“Rising inequality is not an inevitable trend. Better labour market and social policies for both men and women are key to tackling this serious threat,” said Mr. Gurría at the OECD’s Social Policy Ministerial meeting, chaired by Ms. von der Leyen, Germany’s Minister of Labour and Social Affairs.
“The global recovery is gathering momentum but this progress will not bear fruits if governments fail to tackle the social crisis,” said Mr. Gurría at the opening of the Ministerial Meeting of the OECD’s Employment, Labour and Social Affairs Committee.
Poverty in households with children is rising in nearly all OECD countries...
Doing Better for Families webpage in German.
Drawing on a wide range of sources, this book constructs and analyses different indicators of family well-being across the OECD covering the followong key areas: family policy tools; fertility trends; parental employment; sole-parent families; child well-being; child maltreatment.
This working paper presents an overview of child policy in Israel. It covers a wide range of services and policies that are intended to further the wellbeing of children in Israel or that have an impact upon the wellbeing of children.
English, , 587kb
Presentation at "Different dimensions of the quality of life, Turning Economic Growth into Better Quality of Life in Europe" Brussels on 14th September 2010.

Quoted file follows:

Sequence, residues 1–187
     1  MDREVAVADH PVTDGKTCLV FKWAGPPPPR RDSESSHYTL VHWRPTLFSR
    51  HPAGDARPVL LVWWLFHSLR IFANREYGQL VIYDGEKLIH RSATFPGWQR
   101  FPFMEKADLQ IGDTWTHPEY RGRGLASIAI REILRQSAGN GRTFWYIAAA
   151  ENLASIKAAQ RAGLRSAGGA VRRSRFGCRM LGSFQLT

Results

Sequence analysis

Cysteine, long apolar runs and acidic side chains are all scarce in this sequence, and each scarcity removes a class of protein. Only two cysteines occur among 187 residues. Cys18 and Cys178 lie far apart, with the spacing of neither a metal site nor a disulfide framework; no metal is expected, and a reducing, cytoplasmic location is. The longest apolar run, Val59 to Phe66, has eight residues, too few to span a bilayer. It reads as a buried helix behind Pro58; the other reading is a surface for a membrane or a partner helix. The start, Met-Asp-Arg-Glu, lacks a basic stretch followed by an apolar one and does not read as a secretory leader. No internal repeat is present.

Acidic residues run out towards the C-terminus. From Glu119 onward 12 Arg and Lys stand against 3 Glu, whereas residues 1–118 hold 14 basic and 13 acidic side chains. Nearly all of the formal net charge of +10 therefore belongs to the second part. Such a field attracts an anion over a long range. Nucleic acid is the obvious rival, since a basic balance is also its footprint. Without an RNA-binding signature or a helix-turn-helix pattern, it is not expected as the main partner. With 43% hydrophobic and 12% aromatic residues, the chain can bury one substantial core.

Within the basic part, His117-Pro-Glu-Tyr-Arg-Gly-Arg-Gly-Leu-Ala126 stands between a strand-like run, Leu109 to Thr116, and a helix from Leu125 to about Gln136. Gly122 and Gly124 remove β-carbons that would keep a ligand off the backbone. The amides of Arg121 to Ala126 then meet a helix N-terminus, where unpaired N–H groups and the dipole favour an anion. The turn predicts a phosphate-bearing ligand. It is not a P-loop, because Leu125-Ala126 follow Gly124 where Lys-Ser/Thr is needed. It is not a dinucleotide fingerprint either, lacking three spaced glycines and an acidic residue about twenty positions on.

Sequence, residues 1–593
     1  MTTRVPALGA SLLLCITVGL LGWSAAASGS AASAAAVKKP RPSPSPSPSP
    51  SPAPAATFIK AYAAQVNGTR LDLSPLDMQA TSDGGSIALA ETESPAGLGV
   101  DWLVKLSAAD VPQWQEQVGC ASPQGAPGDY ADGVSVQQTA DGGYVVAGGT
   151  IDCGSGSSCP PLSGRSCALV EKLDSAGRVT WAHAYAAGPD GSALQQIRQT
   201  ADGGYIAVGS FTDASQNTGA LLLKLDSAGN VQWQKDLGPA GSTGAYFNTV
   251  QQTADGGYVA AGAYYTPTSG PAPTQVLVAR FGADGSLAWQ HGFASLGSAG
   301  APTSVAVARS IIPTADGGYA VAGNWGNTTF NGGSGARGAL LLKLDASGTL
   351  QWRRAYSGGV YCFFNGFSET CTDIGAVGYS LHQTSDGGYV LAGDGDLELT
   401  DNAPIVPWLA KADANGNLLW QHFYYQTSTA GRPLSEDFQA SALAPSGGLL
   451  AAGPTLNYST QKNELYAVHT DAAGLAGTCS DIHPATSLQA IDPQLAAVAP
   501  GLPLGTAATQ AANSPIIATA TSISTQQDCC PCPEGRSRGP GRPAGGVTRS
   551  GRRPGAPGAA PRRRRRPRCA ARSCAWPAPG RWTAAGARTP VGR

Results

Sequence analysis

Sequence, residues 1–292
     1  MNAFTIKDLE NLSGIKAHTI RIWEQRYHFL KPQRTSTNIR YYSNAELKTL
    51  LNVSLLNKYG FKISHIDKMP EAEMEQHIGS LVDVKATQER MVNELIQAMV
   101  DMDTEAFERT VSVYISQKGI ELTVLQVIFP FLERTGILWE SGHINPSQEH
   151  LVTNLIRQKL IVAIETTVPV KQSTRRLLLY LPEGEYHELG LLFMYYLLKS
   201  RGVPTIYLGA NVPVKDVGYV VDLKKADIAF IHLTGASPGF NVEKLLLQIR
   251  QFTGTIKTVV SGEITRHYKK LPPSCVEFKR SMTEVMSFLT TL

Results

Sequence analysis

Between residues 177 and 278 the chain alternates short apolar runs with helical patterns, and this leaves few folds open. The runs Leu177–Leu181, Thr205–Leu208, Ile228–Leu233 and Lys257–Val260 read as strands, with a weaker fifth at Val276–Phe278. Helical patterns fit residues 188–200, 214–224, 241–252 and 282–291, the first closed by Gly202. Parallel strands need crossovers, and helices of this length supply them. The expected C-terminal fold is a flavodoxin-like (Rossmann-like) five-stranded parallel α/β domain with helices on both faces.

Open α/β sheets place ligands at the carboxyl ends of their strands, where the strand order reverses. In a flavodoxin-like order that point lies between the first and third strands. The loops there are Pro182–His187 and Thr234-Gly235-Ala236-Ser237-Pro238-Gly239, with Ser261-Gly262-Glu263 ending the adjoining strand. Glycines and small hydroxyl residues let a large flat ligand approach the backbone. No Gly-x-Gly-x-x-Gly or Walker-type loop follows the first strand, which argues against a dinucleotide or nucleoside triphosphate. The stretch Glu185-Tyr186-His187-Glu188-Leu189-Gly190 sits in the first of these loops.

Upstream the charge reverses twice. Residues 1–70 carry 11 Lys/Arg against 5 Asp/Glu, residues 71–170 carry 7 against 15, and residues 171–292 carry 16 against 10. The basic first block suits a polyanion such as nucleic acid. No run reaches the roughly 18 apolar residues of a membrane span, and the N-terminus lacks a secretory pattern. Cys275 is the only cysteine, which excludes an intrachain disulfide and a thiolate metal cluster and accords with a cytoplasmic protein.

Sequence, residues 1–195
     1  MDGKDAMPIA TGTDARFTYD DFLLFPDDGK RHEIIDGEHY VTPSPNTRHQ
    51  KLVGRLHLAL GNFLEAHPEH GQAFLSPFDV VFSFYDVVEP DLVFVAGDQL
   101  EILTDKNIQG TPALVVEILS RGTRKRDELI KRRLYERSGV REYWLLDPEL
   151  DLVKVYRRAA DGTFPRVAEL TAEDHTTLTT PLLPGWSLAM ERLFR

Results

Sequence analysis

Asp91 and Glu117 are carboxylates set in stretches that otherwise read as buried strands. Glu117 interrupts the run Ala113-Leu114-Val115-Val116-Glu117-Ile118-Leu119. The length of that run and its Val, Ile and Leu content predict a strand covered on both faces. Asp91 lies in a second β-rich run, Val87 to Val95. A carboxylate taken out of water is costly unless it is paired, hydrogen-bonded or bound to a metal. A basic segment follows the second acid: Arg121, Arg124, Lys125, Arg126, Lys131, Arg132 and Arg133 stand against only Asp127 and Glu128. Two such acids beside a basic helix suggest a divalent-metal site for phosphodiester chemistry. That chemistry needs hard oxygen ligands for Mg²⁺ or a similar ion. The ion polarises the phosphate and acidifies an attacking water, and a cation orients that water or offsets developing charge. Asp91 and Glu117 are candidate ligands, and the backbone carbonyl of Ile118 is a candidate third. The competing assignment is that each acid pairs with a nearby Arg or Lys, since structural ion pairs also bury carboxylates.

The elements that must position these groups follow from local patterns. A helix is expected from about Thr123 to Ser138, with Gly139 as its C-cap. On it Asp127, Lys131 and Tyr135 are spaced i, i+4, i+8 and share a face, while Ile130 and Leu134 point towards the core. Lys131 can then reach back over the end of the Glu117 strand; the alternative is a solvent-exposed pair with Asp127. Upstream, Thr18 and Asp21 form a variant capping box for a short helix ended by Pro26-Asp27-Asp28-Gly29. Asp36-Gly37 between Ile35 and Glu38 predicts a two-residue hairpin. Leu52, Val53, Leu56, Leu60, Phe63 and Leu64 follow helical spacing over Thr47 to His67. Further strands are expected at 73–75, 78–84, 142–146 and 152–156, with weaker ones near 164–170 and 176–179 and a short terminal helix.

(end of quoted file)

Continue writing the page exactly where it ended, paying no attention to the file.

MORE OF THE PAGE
This document gives a detailed overview of gender differences in OECD countries on main employment and social issues: women in OECD countries earn 18% less than men, only about one-third of managerial posts are held by a woman, many more women work in part-time jobs than men...
English, , 653kb
Presentation of child well-being indicators in Poland compared to selected OECD countries, policies for the under age 3’s, effects of sole-parenthood on child outcomes, intergenerational inequality and policy recommendations to enhance child well-being.
Governments should invest more money on children in the first six years of their lives to reduce social inequality and help all children, especially the most vulnerable, have happier lives, according to the OECD’s first ever report on child well-being in its 30 member countries.